the growing rural nonfarm sector 125Nonfarm Regular Jobs Pay Much Better Than CasualOnes, Though the Distinction between the Two IsBecoming BlurredUnfortunately, the NSS does not collect data on income from self-employment. Since the self-employed make up 50 percent of therural nonfarm workforce, that makes it impossible to analyzechanges in the income of the nonfarm workforce. Our discussion isperforce restricted to the employed nonfarm workforce.Although regular jobs are still much better paid than casual ones,with the casualization of the nonfarm sector the gap between thetwo is narrowing. Figure 3.6 shows the gap over four of the surveys,Figure 3.5 Growth of All Three Types of Nonfarm Jobs,Particularly Casual Jobs, Has Accelerateda. Rural nonfarm employment by status0102030405060b. Annual growth rate of rural nonfarm employment by status01234561983 1993–94 1999–2000 2004–051983–93 1993–99 1999–2004percentpercentSE reg casualSource: Authors’ estimates based on employment and unemployment surveys ofrespective NSS rounds.Note: SE = self-employment; reg = regular salaried employee. See ﬁgure 3.1.
126 perspectives on poverty in indiaFigure 3.6 The Declining Premium of Regular WagesCompared with Casual Nonfarm Wagesratioofregulartocasualnonfarmwage1.01.52.02.53.01983 1993–94 1999–2000year2004–05mean medianSource: Authors’ estimates based on employment and unemployment surveys ofrespective NSS rounds.Note: Mean and median daily wages are in Rs and are calculated for 19 majorstates of India.using both the mean and the median to compare wages in regularand casual nonfarm employment. Both ratios show a declining trend,much stronger with respect to the median than the mean, in the ﬁrst10 and last ﬁve years.Figure 3.7 compares the distribution of casual and regular non-farm wages over time. The emerging dualism in salaried employmentsince 1993–94 is notable. By 2004–05, a signiﬁcant share of salariedjobs are relatively poorly paid and are comparable to casual jobs. Onereason is the contraction of the public sector, which pays a high pre-mium over the private sector to employees who have similar skills andcharacteristics (Desai et al. 2008). Another reason might be the risinginformalization of work, as noted by the National Commission forEnterprises in the Unorganized Sector (NCEUS 2007). An increasingnumber of regular salaried workers have jobs without employmentbeneﬁts (no protection against arbitrary dismissal), work security (noprotection against accidents and illnesses at the workplace), or socialsecurity beneﬁts (no pension or health care, and so forth). The com-mission reports that all of the growth in regular jobs since 1999–2000has been in employment of this informal nature.Casual Nonfarm Employment Pays about 45 Percent MoreThan Agricultural Wage LaborThe premium embedded in the casual nonfarm wage over the agri-cultural wage rose from around 25 percent to 30 percent in 1983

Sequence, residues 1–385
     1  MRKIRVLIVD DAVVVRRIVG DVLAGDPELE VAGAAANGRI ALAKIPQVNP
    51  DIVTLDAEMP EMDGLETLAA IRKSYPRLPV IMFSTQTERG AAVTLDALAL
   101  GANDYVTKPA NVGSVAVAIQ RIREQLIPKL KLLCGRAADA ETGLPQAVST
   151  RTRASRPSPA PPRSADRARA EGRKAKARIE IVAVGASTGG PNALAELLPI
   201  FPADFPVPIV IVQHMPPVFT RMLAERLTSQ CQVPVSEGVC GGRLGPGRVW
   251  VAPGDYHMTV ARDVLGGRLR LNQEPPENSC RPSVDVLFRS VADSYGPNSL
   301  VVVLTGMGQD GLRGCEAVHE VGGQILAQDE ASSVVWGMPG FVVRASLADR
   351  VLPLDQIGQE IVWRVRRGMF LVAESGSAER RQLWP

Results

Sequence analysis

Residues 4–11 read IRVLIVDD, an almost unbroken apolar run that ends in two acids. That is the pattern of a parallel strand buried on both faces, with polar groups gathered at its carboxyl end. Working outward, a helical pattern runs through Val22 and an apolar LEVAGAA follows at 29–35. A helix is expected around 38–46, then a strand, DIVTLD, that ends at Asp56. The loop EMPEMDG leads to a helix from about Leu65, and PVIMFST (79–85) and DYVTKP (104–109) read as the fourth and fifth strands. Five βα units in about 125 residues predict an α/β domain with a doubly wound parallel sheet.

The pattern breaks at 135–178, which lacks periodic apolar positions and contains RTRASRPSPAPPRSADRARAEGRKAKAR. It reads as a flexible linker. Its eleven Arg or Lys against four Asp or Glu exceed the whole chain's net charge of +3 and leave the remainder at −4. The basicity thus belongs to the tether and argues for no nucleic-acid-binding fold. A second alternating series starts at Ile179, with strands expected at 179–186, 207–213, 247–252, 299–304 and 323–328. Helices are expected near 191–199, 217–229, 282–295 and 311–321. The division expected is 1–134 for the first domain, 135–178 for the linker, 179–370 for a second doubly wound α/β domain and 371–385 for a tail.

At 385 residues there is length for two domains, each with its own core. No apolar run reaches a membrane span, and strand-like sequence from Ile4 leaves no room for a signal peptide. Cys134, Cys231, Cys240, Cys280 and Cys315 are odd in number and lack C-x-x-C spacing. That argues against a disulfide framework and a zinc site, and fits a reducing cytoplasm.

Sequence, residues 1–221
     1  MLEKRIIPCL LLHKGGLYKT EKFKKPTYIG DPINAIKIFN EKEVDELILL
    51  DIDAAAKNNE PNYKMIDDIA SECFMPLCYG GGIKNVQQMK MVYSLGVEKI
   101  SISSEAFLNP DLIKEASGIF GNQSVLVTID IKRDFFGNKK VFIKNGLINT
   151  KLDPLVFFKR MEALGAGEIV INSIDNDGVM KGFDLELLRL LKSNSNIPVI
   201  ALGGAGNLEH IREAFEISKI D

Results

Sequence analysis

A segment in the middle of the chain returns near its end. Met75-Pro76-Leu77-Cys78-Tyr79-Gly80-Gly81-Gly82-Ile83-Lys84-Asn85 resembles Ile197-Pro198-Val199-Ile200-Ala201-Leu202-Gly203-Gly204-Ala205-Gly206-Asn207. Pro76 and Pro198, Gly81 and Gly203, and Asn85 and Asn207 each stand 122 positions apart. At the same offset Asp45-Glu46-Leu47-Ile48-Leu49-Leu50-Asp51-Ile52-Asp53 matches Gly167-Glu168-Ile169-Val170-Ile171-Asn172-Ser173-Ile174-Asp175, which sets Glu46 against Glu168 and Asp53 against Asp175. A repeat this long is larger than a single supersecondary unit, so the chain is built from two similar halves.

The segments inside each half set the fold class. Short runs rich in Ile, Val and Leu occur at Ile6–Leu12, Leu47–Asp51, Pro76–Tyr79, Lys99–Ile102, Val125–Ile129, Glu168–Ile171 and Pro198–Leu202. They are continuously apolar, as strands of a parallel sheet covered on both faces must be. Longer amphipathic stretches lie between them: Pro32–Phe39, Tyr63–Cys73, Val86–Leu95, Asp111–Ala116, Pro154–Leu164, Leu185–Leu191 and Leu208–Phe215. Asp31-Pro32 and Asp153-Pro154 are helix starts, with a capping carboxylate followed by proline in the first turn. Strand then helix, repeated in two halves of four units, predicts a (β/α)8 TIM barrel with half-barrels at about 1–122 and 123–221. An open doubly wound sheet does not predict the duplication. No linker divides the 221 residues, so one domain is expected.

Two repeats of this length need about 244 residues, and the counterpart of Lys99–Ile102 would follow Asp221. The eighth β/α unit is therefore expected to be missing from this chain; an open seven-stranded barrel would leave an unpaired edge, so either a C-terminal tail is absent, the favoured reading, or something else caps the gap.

the growing rural nonfarm sector 127Figure 3.7 Emerging Dualism in Salaried Employment8casual nonfarmregular nonfarm00.20.40.60.81.00 2 4 6c. 2004–0500.51.01.50 2 4 600.20.40.60.8densitydensitydensity1.00 2 4 6 8In(real daily wages, 1993–94 Rs)In(real daily wages, 1993–94 Rs)In(real daily wages, 1993–94 Rs)b. 1993–94a. 1983Source: Authors’ estimates based on employment and unemployment surveys ofrespective NSS rounds.Note: Distributions of log of real daily wages are in 1993–94 Rs and are correctedfor inﬂation using state consumer price indexes for agricultural labor.
128 perspectives on poverty in india(depending on whether it is based on a comparison of means ormedians), to about 45 percent in 2004–05 (ﬁgure 3.8). The premiumis evident not only in a higher mean but across the distribution(ﬁgure 3.9).Village-Level Studies Conﬁrm That Nonfarm Jobs inGovernment and Business Are Highly DesirableThese results from large-sample survey datasets conform with ﬁnd-ings from detailed village studies, which point both to the greatdesire for nonfarm occupations, especially among youth, and to theobstacles to entry into nonfarm jobs (box 3.1).Nonfarm Wage Growth May Have SlowedComparing the 1980s and the 1990s, a slowdown in regular non-farm wage growth has taken place, one that is much more rapid ifmeasured by the median than by the mean (table 3.1). This is con-sistent with wage growth at the top of the regular pay scale, butmore rapid entry of new workers at the bottom end of the scale.The slowdown is particularly marked in the period 1999 to 2004and extends to the nonfarm casual sector. The median regularFigure 3.8 The Increasing Premium of Casual NonfarmWages Compared with Agricultural Wagesratioofcasualnonfarmwagestoagriculturalwages1.01.21.41.61983 1993–94 1999–2000 2004–2005mean medianyearSource: Authors’ estimates based on employment and unemployment surveys ofrespective NSS rounds.Note: Employment deﬁned on the basis of principal-cum-subsidiary (usual) status.Farm versus nonfarm assignment is based on workers’ reported industry, occupation,and employment status. Mean and median daily wages are in Rs and are calculatedfor 19 major states of India.